Evoking memories of 16-bit classic Micro Machines and Dreamcast hit Re-Volt in your store description is one way to grab my attention. I’m not one for serious racers but I do like a good arcade racer from time to time, so when D6 Team kicked things off by naming these games, my interest was piqued.
The problem is, well, almost everything about Mini Madness; the driving feels awful, the visuals are bland as all hell, and the course design is boring at best. That’s without some of the most mind-numbingly tedious and generic ‘rock’ music that plays constantly, fiddly menus, and a weapons that don’t so much lack impact as lack any sort of feel at all.
Racing small, remote controlled cars around a home-based setting is always interesting and fun, with the aforementioned Micro Machines nailing the feel of this premise back in the 90’s. Weaving in and out of scattered stationary, tableware, or garden ornaments gave a larger than life feel to the action. The same with Re-Volt; while the cars were bigger here, the use of whole houses and neighbourhoods gave that game some life as we traversed streets and alleyways during the race.
Somehow Mini Madness takes this concept and misses the mark entirely. The home based settings are mere backdrops, with the tracks laid out in a manner similar to something like Hot Wheels rather than using everyday objects and crayon markings to define a course. Sure, it’s a style choice but it’s more the implementation that brings it down here. There is zero excitement or interest during the races at all. We just follow some uninterestingly laid out colour track, with the occasional use of furniture to link a few sections together. There are simple background elements that try to provide something akin to action, such as a flying police drone, but it’s all too little to provide anything worthwhile.
Our car bounces around the track using some of the worst feeling physics and driving mechanics I’ve ever used. Even a small jump has the potential to cause us to flip and flop all over the place, but even when the wheels are on the ground things are just as dull to partake in. A ‘boost’ of sorts is available, but without some expensive upgrades it’s all but useless. Other upgrades can be purchased in the store with in game earned currency but for my money these are either too expensive or the cash is doled out too slowly.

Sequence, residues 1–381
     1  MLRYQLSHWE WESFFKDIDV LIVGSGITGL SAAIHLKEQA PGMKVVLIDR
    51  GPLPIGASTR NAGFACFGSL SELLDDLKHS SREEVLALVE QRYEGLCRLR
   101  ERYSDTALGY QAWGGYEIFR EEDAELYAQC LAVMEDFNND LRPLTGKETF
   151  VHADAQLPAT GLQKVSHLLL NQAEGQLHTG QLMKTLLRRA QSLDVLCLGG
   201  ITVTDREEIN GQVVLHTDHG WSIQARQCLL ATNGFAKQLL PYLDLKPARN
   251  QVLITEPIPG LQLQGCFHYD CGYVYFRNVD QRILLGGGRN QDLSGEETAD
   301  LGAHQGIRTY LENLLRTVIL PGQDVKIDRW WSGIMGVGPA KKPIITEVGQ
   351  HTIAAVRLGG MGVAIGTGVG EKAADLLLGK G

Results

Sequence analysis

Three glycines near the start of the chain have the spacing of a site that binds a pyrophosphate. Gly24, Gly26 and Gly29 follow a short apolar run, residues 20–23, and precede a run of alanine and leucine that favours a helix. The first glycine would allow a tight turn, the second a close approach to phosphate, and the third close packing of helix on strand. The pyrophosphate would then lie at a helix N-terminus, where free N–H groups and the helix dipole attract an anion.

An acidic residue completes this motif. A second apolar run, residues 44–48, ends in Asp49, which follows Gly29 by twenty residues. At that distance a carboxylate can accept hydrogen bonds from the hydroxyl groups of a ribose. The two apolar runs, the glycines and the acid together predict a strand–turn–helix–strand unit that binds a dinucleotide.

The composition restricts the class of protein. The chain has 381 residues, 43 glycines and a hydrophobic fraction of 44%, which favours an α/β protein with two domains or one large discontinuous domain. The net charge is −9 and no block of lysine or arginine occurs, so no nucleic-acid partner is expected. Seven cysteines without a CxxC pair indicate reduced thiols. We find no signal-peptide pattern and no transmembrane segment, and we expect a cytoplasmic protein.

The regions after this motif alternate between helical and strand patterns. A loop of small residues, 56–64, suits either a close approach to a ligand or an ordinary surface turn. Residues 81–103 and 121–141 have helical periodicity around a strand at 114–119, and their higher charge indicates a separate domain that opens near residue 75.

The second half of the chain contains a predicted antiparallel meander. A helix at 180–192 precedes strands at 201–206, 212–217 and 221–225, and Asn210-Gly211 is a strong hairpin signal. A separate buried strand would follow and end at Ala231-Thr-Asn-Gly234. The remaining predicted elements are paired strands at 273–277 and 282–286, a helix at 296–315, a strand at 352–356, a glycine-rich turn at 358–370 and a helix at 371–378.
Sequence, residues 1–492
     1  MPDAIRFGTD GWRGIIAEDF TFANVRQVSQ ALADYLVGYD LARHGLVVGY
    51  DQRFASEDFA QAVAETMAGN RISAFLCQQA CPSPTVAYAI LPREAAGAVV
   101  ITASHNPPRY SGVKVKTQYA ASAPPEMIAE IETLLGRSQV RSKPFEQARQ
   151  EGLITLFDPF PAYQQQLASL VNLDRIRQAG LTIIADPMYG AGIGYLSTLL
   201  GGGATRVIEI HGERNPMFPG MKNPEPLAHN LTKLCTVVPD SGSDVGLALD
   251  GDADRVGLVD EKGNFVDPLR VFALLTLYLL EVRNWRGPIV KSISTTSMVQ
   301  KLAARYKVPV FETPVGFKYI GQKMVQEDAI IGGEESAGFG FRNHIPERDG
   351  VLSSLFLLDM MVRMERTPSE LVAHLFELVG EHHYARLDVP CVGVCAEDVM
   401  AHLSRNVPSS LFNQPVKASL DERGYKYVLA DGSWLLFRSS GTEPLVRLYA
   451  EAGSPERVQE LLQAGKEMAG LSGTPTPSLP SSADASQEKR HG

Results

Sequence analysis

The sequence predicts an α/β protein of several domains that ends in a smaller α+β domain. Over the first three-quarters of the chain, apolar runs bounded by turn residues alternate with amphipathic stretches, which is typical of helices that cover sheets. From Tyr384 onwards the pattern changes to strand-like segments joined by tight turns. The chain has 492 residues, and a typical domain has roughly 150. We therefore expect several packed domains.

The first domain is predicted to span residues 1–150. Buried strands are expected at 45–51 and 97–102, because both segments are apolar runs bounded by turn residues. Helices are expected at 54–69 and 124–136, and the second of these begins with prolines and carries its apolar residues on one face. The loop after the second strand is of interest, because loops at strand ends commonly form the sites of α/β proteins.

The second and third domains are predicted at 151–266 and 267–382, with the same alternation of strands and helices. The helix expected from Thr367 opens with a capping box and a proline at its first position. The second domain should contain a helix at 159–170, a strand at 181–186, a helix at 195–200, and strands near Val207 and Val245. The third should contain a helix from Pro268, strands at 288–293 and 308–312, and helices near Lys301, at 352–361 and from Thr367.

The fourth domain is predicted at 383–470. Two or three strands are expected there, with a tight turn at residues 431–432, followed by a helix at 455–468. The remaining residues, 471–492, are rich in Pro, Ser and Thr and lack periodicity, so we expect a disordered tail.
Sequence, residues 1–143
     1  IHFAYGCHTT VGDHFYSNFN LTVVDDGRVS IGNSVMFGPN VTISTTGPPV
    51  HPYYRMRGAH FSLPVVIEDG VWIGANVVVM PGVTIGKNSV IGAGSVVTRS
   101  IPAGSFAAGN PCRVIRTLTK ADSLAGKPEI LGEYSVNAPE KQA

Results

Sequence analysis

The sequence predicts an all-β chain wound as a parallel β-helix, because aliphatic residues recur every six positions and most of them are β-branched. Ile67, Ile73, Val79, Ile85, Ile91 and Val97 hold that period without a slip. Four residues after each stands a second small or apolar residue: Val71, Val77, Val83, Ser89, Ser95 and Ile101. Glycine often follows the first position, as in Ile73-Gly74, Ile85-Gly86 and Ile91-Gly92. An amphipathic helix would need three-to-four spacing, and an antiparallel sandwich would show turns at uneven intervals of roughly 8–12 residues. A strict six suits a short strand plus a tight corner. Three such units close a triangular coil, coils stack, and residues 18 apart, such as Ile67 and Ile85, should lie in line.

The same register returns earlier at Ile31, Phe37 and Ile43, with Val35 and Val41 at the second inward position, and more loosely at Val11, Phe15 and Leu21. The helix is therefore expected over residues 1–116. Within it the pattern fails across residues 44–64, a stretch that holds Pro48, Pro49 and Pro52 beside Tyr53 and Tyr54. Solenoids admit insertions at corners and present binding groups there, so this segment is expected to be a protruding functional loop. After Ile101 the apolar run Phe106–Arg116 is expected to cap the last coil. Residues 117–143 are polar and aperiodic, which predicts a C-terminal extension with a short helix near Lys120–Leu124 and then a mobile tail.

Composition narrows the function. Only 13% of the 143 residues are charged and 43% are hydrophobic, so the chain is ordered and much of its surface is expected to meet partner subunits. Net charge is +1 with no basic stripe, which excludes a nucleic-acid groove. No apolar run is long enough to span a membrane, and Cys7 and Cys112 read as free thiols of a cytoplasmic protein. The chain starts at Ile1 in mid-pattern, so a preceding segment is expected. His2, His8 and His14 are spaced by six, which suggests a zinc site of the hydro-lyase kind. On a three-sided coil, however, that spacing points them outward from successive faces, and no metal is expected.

Outside of the main Championship mode we have single race, time trial, and challenges. These latter almost have something to them; dotted around the tracks are a handful of stars and a secret area to find as quickly as possible. In theory this encourages exploration and offers more than just simple racing. In practice, the same boring driving lets the side down as we wrestle with the car to go where we want it to. Not only that, but I spent far too long on one course trying to find the third star only to spot it in an area I literally couldn’t yet reach because I hadn’t gotten the required upgrade, meaning I would have to collect the other two again later on as well (spoiler: this is unlikely to happen).
Local multiplayer features too, but I’m not sure this would even last the three laps before a game change request would be raised. The racing is dull, but even the promise of Mario Kart-style power-ups won’t be enough to save the day. They all have the weakest feeling impact we could imagine, and are bland enough to make it hard to tell what they will even do before we use them. Sure, a gun turret might fire, but how effective it’ll be is as much guesswork as anything.
Sadly, Mini Madness utterly squanders any sort of promise it may have had with dull driving icing the cake of boring track design, terrible music, and shoddy UI and modes. Even those looking for a simple racer to last an evening will likely turn this off after only a handful of races.Become a Patron!
This game was reviewed based on Xbox One review code, using an Xbox Series S|X console. All of the opinions and insights here are subject to that version. Game provided by publisher.